Pond life

Our hard working volunteer team has spent the last couple of Thursdays giving a few of the reserves ponds some tender loving care. On Thursday last week we visited an area known as the Dozings, a low area by the footpath on the approach to Goosander hide, named because it was created with bulldozers at some point during the sites industrial past. This area holds 6 ephemeral ponds that fill up during the winter and usually dry out during the summer. Last summer the ground in these ponds became very dry and cracked, and after the dry winter they have been holding very little water. So we had a go at ‘puddling’ the ponds by compacting the earth in them to try and get them to hold a bit more water. We first raked them old fallen leaves then compacted the mud and earth using shovels or our feet.

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Pond with volunteers at work

The small puddle in the base of this pond had several small water beetles, a great diving beetle larvae and quite a large number of mosquito and midge larvae, showing that even the smallest water body can have some value as a wildlife habitat.

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Finished pond. We just need some rain!

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Pond before being raked of leaves and puddled by volunteers

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Pond after volunteers

We managed to give all 6 ponds some attention, and all are looking much better for it. Unless we get a very wet spring we may not see any results until next winter, but hopefully our efforts will be beneficial.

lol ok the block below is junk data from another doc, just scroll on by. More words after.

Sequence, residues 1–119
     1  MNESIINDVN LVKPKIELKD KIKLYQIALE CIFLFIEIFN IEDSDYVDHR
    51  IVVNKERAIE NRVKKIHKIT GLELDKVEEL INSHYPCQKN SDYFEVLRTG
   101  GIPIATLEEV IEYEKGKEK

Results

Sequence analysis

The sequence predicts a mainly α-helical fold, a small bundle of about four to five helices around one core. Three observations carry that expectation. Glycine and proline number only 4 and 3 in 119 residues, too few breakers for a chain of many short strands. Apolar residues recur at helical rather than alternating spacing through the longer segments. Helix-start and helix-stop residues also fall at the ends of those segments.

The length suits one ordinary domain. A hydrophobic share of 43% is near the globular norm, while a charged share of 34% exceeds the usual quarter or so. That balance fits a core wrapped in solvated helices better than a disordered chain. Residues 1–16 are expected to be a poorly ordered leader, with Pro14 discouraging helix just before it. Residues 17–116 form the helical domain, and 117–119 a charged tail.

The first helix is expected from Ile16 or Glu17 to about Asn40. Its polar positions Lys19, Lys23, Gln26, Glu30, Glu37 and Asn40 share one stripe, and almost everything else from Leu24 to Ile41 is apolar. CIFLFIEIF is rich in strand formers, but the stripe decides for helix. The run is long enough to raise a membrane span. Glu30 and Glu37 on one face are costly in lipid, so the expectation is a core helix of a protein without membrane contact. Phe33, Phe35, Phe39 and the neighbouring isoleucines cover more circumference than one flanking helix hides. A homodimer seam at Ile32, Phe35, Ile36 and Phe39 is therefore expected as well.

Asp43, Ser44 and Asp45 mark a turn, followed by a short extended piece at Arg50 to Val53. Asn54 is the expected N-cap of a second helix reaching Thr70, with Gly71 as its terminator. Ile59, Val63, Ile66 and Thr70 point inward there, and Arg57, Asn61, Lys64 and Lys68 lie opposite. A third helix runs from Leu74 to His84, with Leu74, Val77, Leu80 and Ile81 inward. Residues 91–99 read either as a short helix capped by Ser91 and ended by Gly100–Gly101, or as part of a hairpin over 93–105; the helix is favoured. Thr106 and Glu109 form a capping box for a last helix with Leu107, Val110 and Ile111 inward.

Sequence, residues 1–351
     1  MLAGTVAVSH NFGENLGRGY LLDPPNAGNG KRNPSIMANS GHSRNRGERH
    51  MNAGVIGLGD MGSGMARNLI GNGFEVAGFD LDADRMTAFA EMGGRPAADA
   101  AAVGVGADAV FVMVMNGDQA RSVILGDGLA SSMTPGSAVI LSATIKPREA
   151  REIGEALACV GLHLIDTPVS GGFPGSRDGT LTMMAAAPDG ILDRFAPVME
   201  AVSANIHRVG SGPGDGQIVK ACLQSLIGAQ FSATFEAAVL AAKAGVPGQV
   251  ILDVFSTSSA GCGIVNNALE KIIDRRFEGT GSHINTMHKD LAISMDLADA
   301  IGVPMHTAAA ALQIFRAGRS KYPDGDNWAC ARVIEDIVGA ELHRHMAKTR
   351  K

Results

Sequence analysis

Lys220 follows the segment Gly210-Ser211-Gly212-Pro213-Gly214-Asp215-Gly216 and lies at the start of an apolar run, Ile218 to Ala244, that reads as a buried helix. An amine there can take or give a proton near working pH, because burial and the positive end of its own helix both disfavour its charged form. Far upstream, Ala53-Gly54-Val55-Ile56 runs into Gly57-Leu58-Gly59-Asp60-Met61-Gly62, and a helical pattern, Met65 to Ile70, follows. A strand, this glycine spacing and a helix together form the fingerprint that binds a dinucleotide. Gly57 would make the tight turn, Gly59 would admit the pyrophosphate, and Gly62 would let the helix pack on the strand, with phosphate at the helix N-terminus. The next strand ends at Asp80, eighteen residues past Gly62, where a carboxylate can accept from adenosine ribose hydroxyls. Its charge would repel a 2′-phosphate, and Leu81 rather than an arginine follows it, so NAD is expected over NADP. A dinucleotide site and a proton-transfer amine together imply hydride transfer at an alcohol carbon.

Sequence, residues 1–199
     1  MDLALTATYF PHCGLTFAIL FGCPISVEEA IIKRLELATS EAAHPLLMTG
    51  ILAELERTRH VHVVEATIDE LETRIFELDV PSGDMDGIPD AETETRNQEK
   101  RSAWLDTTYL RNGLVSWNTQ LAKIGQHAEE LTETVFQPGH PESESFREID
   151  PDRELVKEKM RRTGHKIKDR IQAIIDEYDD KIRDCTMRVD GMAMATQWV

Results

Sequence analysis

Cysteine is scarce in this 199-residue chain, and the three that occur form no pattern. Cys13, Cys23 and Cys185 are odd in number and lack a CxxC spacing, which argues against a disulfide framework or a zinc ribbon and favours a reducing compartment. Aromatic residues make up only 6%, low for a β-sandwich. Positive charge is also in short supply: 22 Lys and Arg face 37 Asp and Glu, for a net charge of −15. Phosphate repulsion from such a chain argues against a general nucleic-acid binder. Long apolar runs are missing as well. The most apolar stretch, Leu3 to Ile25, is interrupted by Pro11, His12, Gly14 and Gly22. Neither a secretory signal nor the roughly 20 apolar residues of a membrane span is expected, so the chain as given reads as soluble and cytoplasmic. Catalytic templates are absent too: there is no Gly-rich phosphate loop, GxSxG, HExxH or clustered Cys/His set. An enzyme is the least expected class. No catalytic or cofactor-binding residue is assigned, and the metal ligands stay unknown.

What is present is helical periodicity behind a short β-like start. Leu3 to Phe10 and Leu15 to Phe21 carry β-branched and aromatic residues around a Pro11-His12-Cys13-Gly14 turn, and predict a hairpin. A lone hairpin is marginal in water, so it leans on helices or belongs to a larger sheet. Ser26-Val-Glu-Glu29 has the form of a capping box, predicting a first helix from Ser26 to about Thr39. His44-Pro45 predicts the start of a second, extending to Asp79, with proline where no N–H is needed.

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Volunteers puddling the largest pond

This morning we headed back out to another pond, this time in a reedbed near Lapwing hide. The pond has completely dried out and grown in with vegetation, so we set about digging it out again. It was hard going, the ground was tough clay and full of reed rhizomes but we made good progress. This area will be an on going project as it needs a fair bit more digging, but hopefully we will have a fairly decent pond eventually… by next winter!

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Volunteers digging out another pond

The reason we are keen to establish ponds is to have some water bodies on the reserve free of fish. All the lakes on the reserve have high fish populations which have a big impact on amphibians and aquatic invertebrates, particularly as many species can’t establish in lakes/ponds with fish. The only really abundant amphibian on the reserve is the common toad, the adults and tadpoles of which have poisonous skins and fish spit them out as they’re distasteful. Hopefully having small fish free ponds will give newts, common frogs and various insects some much needed habitat.

Bird sightings on the reserve this week have included little ringed plovers, redshank, red kite (passing over Ivy Lake yesterday afternoon), willow warbler, sand martins and swallow. An osprey was seen heading north high over Ibsley Water on Tuesday morning and another today.

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Little ringed plover

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Redshank

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One thought on “Pond life

  1. Re Beefly

    Chatted briefly to Jim today re Beefly spp seen in Portsmouth only to realise that the same insect was nectaring on Lugwort by the reception area pond; Hairy Footed Flower Bee. Pic attached

    Russ Tofts

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